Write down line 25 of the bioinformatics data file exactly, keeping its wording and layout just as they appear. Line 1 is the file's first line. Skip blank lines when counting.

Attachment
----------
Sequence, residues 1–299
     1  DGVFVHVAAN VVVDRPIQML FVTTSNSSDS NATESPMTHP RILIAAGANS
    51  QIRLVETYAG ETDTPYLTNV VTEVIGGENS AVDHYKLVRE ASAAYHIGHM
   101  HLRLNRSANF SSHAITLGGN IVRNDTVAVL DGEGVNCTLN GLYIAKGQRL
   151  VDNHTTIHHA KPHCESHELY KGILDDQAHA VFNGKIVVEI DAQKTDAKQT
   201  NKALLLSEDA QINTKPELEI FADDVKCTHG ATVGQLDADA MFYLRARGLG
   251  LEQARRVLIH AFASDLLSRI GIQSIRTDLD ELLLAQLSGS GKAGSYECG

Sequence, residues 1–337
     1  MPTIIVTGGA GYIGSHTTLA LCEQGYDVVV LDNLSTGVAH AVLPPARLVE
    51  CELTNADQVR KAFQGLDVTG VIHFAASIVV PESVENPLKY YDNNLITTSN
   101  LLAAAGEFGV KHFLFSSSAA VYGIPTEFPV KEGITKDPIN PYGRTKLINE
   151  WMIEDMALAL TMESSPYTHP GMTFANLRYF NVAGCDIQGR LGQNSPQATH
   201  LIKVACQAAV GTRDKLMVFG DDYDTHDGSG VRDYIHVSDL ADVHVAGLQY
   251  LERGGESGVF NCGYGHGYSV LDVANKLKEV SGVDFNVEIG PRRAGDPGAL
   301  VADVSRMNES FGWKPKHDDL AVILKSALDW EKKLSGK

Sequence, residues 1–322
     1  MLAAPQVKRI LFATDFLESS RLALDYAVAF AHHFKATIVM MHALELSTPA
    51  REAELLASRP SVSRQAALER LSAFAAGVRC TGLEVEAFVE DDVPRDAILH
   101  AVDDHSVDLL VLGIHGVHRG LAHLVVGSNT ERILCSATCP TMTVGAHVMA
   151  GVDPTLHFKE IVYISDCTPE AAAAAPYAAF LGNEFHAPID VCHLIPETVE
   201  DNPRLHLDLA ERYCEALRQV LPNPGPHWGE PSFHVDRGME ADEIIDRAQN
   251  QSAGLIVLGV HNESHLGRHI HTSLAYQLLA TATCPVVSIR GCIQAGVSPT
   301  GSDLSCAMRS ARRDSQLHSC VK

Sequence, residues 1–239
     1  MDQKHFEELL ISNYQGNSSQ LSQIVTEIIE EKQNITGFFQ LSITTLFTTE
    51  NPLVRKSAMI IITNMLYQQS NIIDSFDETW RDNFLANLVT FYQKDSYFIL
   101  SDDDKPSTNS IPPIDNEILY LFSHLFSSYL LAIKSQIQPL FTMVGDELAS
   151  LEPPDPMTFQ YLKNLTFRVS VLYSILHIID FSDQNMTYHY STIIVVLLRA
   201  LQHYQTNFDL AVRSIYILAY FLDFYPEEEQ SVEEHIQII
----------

     1  MDQKHFEELL ISNYQGNSSQ LSQIVTEIIE EKQNITGFFQ LSITTLFTTE